In a push to produce employable and work-ready graduates, Australian universities like Flinders University and the University of Wollongong have been providing students with “future focussed courses” and employment workshops.
As a result, both universities have shown strong graduate employability outcomes in recent rankings.
Another way universities are achieving this is by ensuring their students get enough real-world work experience before launching their careers – an important benefit that is being reaped by teaching graduates from Murdoch University.
The University of Canberra (UC), however, is about to take this up a notch.
UC’s Faculty of Arts and Design (FAD) recently announced that it will be offering paid internship opportunities for its students from next year.
What’s more, the University’s FAD Professional Internship Program 2020 will give students the opportunity to take up internships in various departments of the ACT Government, such as in the Treasury and Economic Development, Australian Government Departments of Prime Minister and Cabinet, and Industry Innovation and Science.
UC FAD also struck an important partnership with Cordelta, a professional services firm.
Professor Jason Bainbridge, the executive dean of UC FAD, said the internship opportunities show “the importance of creative skillsets in the modern workplace.”
Dr Barbara Walsh, who serves as the associate dean of Work Integrated Learning in UC FAD, said Cordelta and the select government offices can also benefit from students who have up-to-date knowledge and skillsets.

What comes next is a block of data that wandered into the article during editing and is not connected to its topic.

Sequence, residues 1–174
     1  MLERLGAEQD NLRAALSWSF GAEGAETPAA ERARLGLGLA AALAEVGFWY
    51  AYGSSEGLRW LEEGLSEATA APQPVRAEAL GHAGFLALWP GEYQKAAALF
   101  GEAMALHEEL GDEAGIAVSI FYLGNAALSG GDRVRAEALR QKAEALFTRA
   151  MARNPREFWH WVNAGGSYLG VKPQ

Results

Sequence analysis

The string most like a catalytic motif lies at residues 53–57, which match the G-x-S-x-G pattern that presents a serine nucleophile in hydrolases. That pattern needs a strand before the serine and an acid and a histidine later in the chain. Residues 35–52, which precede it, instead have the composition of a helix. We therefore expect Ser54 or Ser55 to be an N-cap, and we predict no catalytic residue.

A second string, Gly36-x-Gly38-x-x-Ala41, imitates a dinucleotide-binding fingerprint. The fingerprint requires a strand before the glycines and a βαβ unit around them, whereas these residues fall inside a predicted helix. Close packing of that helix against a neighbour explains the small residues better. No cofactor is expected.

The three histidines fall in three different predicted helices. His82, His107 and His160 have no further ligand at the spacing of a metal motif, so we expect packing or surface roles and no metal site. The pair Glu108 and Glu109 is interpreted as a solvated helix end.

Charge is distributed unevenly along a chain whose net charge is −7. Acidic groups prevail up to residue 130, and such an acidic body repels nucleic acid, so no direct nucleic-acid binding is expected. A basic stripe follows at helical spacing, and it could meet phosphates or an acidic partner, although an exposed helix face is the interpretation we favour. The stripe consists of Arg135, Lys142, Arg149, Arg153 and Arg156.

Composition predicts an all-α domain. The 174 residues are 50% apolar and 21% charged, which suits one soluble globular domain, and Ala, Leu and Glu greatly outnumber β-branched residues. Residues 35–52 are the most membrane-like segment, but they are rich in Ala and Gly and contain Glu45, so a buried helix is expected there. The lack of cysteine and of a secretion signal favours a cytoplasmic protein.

Students who will be taking part of the internship will have to spend about 240 to 480 hours to make sure they can not only apply the skills they have learned in class, but also understand their desired profession.
“These internships provide fantastic opportunities for our students to contribute to these organisations apply their academic learning in real contexts and start their professional careers,” she said.
Before they embark on their respective internships, UC FAD students will have to go through online modules and preparatory workshops. The Faculty’s staff will also provide academic supervision, debriefings and reflection to the students throughout the process.
How internships help
In a 2016 article published in The Conversation, Denise Jackson, a senior lecturer and coordinator of Work-Integrated Learning programs at Edith Cowan University, wrote that students who completed their internships make better career decisions.
These students also end up being more fulfilled with their choices a well, she explained.
Concordia University Education Professor Saul Carliner said work-integrating learning experiences not only gives students a chance to apply the concepts they have learned in a real workplace setting, but also develop other skills along the way.
A more recent article published at the Conversation by Professor Carliner said that to make the most of their internship, interns should ask for feedback from their supervisors so they would know what areas they have to develop further.
Students should also take to writing down their learnings and even read up on various literature related to the industry they are trying to aim for to better prepare them for the industry, he noted.
Another important thing for interns to keep in mind, says Professor Carliner, is to be on their best behaviour.
“Hiring is a real possibility. Internships, apprenticeships and co-operative education provides employers with opportunities to try out workers before making longer-term employment commitments,” he wrote.